A. P. Smith Manufacturing Company. Hydrants for filling sprinkler carts; indicate post valves; repair sleeves; valve inserting machines; Smith tapping apparatus; French pipe cutting machine; French lead joint remover; the Wood water meter testing machine; the Rapp removable screw plug; Smith Patent Calking machine; corporation tapping machine; corporation and curb cocks; Smith hydrants for high and low pressure, etc. The Smith High Pressure hydrant has been installed in a number of cities in connection with high pressure service, including New York, while the Smith Tapping apparatus is in use in all leading water works plants in America.

Sanitary Company of America. Cast iron extension service boxes fitted with “No Bolt” covers, also “No Bolt” repair covers for repairing any standard service box. These repair covers are designed to fit any make of service box on the market. They are held in place by lugs in the box, which engage a flange attached to center of cover.

Standard Asphalt & Rubber Company. Mineral rubber floors; No. 6 Waterproofing; mineral rubber mastic; mineral rubber flux; mineral rubber pipe coating; asphalt roof cement; refrigerator compound, insulation, for batteries, etc.; protective paints; bituminous putty; damp-proofing; asphalt filler; asphalt binder; mineral rubber asphalt cement; asphalt paving cement.

S.E.T. Valve & Hydrant Compound. Special valve housings and service boxes for water and gas distribution service. “The Perfect” Curb Box and the “Ideal” roadway box, which is designed for housing gate valves or other apparatus in the ground when it is desired to render them accessible for repairs. It is built in round and square models, in sections of cast iron plate of different height to meet the requirements of various depths of trench.

W. P. Taylor Company. Standard cast iron extension shut-off boxes for water and gas services.

Thomson Meter Company. Complete line of Lambert water meters. The Lambert meter is made in sizes from 5/8 to 6 inches inclusive, and is finished with hard rubber disc pistons reinforced with a perforated internal steel plate. Relative to the Lambert meters the company says: “In the ‘Lambert’ are embodied all improvements which the test of time and long service have proven to be requisite in a perfect water meter. The successful application of the disc principal originated with us and has been severely tested all over the world during the last 28 years, in which time we have made and sold over 700,000 of that one type.”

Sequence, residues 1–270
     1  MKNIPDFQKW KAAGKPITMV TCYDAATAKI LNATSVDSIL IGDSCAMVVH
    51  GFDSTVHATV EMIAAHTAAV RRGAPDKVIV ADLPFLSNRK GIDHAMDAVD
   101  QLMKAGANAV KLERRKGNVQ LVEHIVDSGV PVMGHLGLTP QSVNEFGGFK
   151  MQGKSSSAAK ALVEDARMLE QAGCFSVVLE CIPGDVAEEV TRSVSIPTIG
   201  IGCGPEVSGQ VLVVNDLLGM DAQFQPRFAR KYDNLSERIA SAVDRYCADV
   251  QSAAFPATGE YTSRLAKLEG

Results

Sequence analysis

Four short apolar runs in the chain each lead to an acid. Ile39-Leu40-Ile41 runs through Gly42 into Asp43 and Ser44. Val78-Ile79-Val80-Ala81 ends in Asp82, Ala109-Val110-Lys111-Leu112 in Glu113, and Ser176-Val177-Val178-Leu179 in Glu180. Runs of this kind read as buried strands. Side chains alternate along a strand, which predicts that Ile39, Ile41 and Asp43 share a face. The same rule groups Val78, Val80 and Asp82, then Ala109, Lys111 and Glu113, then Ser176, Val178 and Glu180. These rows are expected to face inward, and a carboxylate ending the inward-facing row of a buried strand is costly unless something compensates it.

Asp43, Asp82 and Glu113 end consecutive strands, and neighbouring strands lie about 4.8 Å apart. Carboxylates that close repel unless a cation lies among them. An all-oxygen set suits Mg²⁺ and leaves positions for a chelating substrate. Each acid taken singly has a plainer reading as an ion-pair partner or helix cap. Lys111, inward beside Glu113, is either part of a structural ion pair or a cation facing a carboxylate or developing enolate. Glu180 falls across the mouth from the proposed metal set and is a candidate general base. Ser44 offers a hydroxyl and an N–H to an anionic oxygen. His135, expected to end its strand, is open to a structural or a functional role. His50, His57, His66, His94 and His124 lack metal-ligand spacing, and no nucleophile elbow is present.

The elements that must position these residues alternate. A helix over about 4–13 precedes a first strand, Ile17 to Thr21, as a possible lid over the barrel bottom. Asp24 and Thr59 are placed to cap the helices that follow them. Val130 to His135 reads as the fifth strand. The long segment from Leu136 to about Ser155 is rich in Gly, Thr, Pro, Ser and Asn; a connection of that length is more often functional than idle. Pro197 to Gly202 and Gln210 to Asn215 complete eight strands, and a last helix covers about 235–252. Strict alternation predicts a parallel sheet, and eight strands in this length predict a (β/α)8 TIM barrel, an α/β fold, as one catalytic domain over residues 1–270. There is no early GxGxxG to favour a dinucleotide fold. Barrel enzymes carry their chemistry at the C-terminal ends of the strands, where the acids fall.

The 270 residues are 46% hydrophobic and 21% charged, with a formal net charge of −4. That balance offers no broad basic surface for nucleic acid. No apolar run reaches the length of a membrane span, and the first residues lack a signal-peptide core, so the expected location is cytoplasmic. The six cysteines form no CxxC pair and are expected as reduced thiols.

Union Water Meter Company. Assortment of King Disc meters, Nilo meters, Union Rotary meters and Columbia meters, and pressure regulating valves. The measuring chamber of the King meter has a large capacity, resulting in a low rate of disc rotation. The intermediate great train compressing hard rubber gears and bronze pinions are included in the standard design, however, bronze gears are furnished if desired. All moving parts with the exception of the register are assembled in a single working unit. The Nilo meter is designed for large flow and the Nilo compound, the latest of the Union Water Meter Company’s products, measures both large and small flows. The Columbia meter is especially adopted for use where water carries considerable sediment. The Rotary piston meter allows practical uninterrupted flow of water, the principal feature of this type of meter.

United Lead Company. A copper-lead metal for bearings, bushings, metallic-packing, acid plants, etc., a substitute for bronzes and other alloys containng tin, also lead wool for calking water mains.

Wallace & Tiernan. This company had a large exhibit which included different types of chlorine apparatus plants which are now in use in a large number of water works all over the country. The Wallace & Tiernan exhibit was one of the centers of attraction as their exhibition was both complete and interesting. All apparatus displayed at the convention had been purchased beforehand and is to be installed at once in the cities for which it was built.

W. M. Powell Valve Company. Line of water works accessories of the well known “White Star” brand, including a large assortment of valves.

Berkshire Manufacturing Company. Corcoran patent lead pipe couplings for general water works use and also special couplings for water meters.

(Report to be Continued)